Trustees of the Windham Museum
The Trustees of the Windham Museum are comprised of three (3) individuals appointed by the Board of Selectmen to three (3) year terms. Residents interested in volunteering their time as a Museum Trustee are encouraged to contact the Town Administrator.
The Trustees are charged with the development and oversight of the recently established Town Museum. The Museum is located in the historic Armstrong Building at 3 North Lowell Road, and will house purchased, recovered, and donated artifacts of Windham's past. Currently serving as Trustees are:
About the Museum:
Although it is not apparent from the outside, there continues to be a lot of activity inside the Windham Museum in preparation for a permanent opening. You may recall that, several years ago, the interior of the Armstrong Building was restored as closely as possible to its original state. Since then, the Museum Trustees, Dennis Root, Kim Monterio, and Jean Manthorne have been working to restore the Museum artifacts and create displays to showcase and secure these historic items. The final stage of the project, which must be completed prior to the official opening, is the cataloguing of the entire collection using a software system called Past Perfect, which is specifically designed for museums. Members of the Windham Historical Society have been using their monthly meetings to catalogue artifacts in the collection.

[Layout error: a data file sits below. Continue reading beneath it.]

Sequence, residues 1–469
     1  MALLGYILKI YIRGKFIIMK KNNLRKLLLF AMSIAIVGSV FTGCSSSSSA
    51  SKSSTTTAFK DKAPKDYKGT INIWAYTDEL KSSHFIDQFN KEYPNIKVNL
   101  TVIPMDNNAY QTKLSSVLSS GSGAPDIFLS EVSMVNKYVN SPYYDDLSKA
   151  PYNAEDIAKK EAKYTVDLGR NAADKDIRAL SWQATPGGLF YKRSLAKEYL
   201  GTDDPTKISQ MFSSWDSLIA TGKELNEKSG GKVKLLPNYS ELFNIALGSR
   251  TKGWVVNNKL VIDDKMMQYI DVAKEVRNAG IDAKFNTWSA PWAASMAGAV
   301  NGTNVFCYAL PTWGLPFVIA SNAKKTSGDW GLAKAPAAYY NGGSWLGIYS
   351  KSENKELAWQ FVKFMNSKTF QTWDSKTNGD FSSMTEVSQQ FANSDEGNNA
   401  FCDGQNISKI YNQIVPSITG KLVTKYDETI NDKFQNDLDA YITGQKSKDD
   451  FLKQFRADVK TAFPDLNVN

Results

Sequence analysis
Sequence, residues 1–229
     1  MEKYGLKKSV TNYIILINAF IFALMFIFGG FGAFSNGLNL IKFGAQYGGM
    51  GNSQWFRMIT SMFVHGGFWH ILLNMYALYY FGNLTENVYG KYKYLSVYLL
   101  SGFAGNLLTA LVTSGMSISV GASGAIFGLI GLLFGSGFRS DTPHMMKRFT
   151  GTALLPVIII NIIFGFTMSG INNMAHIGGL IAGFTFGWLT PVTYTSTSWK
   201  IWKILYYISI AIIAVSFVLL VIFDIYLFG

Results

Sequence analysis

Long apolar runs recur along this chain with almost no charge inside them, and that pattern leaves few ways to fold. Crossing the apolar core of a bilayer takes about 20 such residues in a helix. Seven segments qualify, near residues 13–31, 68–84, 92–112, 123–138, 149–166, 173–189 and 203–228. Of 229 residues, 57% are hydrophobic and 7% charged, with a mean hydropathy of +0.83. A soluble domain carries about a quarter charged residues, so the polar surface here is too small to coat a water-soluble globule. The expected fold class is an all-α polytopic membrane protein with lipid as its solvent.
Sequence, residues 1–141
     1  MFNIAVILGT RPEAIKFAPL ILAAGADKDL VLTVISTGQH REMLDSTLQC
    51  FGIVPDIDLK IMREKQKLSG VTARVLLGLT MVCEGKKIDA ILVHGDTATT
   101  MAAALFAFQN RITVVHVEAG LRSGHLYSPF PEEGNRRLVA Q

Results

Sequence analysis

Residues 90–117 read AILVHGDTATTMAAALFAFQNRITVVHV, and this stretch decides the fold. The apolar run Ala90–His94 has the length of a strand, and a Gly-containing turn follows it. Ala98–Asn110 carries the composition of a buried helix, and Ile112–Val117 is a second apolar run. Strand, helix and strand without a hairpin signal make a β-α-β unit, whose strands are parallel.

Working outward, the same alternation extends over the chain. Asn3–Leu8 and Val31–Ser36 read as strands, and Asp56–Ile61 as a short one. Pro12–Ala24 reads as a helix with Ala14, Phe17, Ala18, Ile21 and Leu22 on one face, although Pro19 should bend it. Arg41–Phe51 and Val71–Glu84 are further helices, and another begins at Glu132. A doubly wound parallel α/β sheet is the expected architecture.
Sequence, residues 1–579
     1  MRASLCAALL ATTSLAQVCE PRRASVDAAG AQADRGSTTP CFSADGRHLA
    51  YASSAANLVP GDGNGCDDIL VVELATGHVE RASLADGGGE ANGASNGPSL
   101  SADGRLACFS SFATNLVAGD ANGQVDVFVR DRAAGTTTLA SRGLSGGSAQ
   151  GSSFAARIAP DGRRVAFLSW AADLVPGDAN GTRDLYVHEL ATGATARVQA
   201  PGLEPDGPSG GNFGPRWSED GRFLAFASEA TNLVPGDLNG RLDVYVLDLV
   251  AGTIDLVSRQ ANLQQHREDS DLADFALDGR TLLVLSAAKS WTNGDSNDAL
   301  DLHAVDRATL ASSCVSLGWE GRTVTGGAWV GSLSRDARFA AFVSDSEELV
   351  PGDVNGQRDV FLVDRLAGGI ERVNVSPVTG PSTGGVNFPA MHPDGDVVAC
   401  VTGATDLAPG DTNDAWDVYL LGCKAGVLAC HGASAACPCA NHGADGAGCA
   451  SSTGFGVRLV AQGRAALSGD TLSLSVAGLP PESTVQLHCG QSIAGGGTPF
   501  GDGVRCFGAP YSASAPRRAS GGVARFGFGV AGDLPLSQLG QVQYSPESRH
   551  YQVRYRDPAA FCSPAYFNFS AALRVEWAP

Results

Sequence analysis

The Museum’s collection comes primarily from four sources, and originated over a century ago with a collection of artifacts gathered by the Antiquarian Society. The Society was active from 1900 to 1908, and its purpose was to “solicit and collect articles of historic and antiquarian interest, to be preserved by the town.” The sixty-six artifacts in this collection were stored for years in the basement of the Searles School, and their restoration has been a lengthy but rewarding process.
Museum Trustee Dennis Root has scanned/enlarged seventy-five antique post cards from his personal collection, which have been matted for display, that depict a wide range of historical images of Windham.
Alan Campbell’s family has loaned the museum seventy-five books, along with old town reports, a bookcase, some antique eyeglasses, and an old typewriter. Among the books on loan are several Campbell family diaries.
Finally, the Daughters of the American Revolution (DAR), Molly Stark Chapter, contributed artifacts which were directly related to Windham’s history when the DAR Museum in Derry closed. Overall, the Windham Museum's current collection is quite extensive, and as Trustee's we look forward to sharing it with the residents of Windham.